These five women all dressed in long robes, made elegant by delicately etched, flowing lines. They stood in an enigmatic attitude of clasped hands, arms held flat across the waist and stomach, with wide sleeves. I saw a collection of long, silver hairpins, bursting at the tips with stylized flowers and arabesques. There were also little, round mirrors embossed at the back with sinuous dragons, mythic beasts and grapevines and geese and other birds. I saw another exquisite little palm-size mirror, inlaid with a pattern of moony mother-of-pearl and turquoise.

 

‘Under the slanting light, the bosoms bright as snow –

Half drunken I gaze at this beautiful girl’ – Li Qunyu (c813-60)

 

The downstairs part of the exhibition was devoted to religious art. Chang’an had a rich diversity of many religions, including Buddhism, Hinduism, Zoroastrianism and even Nestorianism (a kind of eastern Christianity). But from all, Buddha seems to reign calmly supreme, probably the religion that most complemented the philosophically based native Chinese beliefs of Daoism and Confucianism.

 

I saw a large Buddha head, carved in stone from the Xingqing Palace emanating geometrically serene features and orderly lips couched in a small and graceful smile. There is a fondness for the depiction of multiple Buddhas, all sitting in simultaneous meditation and wearing flowing robes. This was carved on an octagonal pillar with four recesses on each side, each containing seated Buddhas. This pillar was apparently part of a ‘jingchuang’ monument and usually fronted a temple.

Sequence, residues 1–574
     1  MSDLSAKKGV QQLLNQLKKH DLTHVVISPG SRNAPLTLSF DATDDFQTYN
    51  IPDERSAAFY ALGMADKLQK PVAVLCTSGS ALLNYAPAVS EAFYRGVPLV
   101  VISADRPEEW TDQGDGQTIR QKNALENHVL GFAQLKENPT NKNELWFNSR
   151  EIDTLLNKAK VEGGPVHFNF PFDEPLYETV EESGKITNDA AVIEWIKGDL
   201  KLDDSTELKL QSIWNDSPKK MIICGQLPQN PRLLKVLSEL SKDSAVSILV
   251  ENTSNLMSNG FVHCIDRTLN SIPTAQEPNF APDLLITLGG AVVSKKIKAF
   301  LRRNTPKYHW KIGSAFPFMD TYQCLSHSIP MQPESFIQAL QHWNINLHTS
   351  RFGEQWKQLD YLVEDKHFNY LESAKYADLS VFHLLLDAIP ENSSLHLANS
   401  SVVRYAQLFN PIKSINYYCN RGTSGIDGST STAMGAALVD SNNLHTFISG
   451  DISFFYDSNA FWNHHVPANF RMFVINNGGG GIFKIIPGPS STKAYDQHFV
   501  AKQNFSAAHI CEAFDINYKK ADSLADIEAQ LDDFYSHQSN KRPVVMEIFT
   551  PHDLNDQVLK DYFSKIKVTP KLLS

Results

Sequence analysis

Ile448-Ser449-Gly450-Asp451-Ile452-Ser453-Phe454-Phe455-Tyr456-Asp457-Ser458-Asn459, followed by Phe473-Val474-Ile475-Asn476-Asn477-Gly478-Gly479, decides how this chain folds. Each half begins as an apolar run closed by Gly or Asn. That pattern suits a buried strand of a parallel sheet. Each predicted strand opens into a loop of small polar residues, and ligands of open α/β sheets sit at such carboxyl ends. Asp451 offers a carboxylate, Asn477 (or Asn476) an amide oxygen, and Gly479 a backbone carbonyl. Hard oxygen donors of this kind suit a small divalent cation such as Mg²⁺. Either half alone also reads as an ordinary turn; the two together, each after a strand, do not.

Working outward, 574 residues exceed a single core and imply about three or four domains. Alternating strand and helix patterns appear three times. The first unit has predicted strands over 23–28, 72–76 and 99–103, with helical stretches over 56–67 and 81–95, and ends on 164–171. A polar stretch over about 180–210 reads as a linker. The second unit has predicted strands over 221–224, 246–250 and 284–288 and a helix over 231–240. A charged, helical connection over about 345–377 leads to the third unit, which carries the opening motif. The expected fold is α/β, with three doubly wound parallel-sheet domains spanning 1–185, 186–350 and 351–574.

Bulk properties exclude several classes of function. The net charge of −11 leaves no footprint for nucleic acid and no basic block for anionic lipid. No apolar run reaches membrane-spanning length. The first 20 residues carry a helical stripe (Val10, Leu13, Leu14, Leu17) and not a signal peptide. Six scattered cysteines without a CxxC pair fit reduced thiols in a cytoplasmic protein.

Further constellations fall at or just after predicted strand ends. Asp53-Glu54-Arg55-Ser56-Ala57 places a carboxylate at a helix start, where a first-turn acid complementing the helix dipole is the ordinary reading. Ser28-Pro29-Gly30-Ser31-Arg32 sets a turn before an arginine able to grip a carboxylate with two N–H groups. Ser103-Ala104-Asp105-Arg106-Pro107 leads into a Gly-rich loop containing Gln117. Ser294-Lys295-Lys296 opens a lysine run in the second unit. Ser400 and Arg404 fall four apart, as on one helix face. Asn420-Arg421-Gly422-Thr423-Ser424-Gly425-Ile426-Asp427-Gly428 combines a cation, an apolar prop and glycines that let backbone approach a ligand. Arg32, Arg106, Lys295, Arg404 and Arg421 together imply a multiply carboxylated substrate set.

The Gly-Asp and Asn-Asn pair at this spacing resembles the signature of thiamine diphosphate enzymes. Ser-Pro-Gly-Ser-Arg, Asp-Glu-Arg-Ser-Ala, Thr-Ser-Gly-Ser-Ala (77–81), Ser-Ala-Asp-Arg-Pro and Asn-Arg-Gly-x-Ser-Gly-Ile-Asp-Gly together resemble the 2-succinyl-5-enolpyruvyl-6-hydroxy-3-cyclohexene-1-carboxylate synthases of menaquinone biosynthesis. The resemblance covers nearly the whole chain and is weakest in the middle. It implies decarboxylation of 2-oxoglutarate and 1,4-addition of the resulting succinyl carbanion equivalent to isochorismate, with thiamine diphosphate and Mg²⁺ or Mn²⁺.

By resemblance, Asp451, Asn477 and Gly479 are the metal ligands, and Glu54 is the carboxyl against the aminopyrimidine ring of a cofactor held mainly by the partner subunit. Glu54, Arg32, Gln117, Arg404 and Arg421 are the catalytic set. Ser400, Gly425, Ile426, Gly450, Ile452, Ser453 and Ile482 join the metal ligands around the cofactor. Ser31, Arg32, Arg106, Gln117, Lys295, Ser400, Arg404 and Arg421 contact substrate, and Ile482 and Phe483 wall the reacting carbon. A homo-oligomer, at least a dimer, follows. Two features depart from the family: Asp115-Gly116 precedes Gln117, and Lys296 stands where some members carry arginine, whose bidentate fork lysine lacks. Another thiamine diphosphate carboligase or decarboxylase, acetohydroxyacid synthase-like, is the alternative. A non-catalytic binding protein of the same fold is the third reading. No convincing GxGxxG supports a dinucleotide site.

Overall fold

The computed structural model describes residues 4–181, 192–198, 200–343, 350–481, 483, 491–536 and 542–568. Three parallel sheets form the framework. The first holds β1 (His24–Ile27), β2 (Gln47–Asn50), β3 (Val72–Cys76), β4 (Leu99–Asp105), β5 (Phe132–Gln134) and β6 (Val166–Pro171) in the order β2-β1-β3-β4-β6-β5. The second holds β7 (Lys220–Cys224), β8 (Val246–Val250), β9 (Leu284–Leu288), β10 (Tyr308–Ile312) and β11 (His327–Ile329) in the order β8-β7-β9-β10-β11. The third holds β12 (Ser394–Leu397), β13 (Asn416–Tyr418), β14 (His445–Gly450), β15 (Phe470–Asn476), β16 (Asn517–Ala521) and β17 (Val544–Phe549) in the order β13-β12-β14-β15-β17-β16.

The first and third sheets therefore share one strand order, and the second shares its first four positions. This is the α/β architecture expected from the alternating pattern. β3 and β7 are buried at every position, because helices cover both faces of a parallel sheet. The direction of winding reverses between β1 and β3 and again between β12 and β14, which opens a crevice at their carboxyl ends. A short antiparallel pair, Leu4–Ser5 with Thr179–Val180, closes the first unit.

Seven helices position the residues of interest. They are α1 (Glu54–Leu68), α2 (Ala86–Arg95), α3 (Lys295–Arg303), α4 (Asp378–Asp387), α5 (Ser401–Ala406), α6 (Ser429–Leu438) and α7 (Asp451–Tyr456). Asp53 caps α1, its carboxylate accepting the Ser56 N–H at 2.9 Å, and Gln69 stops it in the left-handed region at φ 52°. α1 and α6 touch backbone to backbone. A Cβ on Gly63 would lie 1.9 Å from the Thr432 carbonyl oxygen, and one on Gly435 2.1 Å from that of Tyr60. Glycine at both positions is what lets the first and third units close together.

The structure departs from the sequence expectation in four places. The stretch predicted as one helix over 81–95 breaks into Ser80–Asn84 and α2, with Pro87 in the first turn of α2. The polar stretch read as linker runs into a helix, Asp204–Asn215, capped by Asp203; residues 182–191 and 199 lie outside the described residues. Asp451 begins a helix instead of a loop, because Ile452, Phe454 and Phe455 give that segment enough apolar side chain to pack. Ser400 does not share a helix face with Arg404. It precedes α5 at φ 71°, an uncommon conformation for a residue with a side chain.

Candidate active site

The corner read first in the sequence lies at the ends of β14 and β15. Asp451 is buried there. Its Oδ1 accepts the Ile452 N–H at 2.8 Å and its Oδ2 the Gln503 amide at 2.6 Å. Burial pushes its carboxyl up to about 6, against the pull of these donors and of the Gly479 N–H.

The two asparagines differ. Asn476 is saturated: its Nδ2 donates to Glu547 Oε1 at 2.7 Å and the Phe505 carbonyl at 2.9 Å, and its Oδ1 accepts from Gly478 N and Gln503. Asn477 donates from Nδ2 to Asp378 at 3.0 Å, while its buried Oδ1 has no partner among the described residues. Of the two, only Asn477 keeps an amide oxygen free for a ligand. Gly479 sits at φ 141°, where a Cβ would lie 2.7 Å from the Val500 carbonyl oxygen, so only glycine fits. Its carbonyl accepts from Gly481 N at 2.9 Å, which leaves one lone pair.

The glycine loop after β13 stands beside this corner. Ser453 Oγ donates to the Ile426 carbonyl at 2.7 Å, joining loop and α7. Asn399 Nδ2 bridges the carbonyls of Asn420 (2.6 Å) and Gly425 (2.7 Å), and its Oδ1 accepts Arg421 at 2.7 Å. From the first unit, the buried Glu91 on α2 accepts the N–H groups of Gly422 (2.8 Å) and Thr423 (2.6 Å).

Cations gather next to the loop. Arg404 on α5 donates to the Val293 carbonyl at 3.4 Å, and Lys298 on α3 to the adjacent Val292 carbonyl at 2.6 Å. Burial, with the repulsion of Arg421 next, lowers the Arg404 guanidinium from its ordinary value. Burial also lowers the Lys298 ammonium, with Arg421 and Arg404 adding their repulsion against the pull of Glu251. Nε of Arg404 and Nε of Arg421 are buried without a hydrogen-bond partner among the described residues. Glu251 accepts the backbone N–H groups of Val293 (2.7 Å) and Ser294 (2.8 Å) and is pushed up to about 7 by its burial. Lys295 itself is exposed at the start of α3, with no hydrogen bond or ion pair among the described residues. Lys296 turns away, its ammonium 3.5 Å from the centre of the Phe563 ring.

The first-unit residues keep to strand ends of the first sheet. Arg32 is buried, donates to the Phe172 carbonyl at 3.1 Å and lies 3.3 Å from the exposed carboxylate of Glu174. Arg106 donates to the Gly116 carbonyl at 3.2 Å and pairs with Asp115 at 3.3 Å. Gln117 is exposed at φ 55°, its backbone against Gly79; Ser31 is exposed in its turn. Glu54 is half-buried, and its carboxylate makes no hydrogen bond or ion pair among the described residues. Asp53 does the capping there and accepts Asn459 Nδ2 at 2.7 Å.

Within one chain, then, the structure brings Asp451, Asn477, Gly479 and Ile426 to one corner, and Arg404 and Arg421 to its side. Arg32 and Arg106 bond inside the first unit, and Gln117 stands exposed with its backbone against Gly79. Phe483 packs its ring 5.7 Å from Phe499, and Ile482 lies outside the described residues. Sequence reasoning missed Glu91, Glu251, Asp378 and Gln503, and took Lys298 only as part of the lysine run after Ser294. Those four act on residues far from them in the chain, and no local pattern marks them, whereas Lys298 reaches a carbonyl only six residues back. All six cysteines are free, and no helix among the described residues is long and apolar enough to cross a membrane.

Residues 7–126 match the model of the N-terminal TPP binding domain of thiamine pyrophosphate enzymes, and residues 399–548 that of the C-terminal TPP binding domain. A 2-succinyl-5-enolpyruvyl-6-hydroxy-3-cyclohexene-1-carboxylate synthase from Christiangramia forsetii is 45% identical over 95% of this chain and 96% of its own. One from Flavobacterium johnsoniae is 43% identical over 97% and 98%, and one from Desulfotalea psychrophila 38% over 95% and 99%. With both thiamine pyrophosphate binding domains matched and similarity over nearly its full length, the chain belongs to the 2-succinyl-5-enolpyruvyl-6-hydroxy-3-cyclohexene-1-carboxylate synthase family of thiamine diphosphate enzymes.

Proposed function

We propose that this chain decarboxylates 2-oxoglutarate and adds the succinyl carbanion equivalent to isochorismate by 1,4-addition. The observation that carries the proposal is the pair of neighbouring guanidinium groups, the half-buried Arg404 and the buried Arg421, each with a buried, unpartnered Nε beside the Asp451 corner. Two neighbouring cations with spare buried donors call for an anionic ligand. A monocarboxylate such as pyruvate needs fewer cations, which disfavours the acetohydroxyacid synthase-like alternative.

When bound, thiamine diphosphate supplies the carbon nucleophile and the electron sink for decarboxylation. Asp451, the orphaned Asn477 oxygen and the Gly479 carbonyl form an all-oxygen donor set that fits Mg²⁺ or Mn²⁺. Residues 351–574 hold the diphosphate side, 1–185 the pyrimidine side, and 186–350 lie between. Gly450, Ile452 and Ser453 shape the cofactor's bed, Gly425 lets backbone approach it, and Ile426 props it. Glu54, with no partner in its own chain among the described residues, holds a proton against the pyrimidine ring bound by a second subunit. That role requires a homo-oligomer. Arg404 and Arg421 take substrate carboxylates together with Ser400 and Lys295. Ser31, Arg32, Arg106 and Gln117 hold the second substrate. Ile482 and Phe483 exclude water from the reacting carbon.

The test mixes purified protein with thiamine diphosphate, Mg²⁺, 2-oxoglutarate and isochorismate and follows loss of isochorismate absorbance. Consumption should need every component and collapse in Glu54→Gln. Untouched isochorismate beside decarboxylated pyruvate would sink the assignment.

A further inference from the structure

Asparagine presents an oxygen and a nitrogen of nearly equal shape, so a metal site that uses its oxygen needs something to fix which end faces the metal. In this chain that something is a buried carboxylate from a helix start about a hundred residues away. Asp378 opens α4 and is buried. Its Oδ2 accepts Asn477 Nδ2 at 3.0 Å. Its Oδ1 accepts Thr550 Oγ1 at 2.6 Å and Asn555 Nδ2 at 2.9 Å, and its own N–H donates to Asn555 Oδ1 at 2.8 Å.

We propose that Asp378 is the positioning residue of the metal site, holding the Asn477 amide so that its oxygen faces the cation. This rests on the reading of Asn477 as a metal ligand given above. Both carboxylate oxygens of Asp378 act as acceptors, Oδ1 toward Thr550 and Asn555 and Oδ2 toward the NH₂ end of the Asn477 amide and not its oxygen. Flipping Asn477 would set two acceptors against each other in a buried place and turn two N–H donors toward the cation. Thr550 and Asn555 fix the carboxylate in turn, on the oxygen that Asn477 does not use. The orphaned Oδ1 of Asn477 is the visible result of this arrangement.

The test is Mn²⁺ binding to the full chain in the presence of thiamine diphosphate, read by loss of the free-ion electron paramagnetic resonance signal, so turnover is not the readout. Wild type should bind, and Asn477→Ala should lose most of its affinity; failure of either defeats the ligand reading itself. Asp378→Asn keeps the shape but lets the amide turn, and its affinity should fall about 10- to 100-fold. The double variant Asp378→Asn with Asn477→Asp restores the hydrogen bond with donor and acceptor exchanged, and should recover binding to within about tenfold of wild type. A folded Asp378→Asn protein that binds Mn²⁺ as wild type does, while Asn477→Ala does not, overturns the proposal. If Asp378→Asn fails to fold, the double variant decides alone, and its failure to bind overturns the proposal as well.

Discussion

There were a lot of wares of beautiful gilded silver, my favourite being a large, four-lobed ceremonial basin decorated with Mandarin ducks and pomegranate fruit. On the base of the bowl, two ducks were gracefully entwined amid joyful clouds of leaves, flowers and fruits. Around the inner sides of each lobe, were dancing duck couples facing each other wreathed in arabesque clouds and lavish leaves. At each side of the basin, ornate handles hung. As these kind of motifs traditionally signify blessings for happy marriage and fertility, maybe the bowl formed part of the rites involved in marriage ceremonies.

 

Moving on, I saw a row of 12 Zodiac animal sculptures – animal headed in human form, their hands invisible under long, flowing sleeves, clasped formally over their stomachs. Again these sculptures were of the typical Tang biscuit coloured earthenware washed with cream-white pigment. They were: monkey, rat, ox, tiger, rabbit, dragon, snake, horse, ram, rooster, dog and pig.

The origin of the enduring and popular Zodiac superstition in China seems to have arisen in the 3rd Century BCE where ‘the 12 animals were first used to describe the appearance of thieves, as it was believed that their features would resemble one of these animals according to the time they committed their crime’. During the Tang Dynasty, the Zodiac system of celestial mapping established was often found depicted in niches in tombs.

 

There was a Stupa Jar of painted earthenware in red, cream-white and terracotta often found in burial sites dating from the Tang Dynasty. Of Buddhist tradition, they apparently contained goods for the departed soul’s sustenance in accord with ancient Chinese belief.

 

Nearing the end of the exhibition was a large earthenware/cream-white pigment sculpture of a horse, with its strong, agile legs, magnificent curve of back and massive, muscular nape of neck. Its facial features were delicately modeled, with a strong, noble jaw-bone, fine nostrils, little pointed, alert ears and mild, intelligent eyes. The horse was highly revered in those times, as it was an essential part of transport and communication and is a fitting symbol of the Tang Dynasty, with its art of strong, simple, honest lines so richly conveying both grace and grounded-ness.

 

I came out of the exhibition feeling happy, that there had been a time of such simple and beautiful art in the world and that it was a time of peace and prosperity, an eternal inspiration to this perhaps more complex, uncertain and more fragmented clime.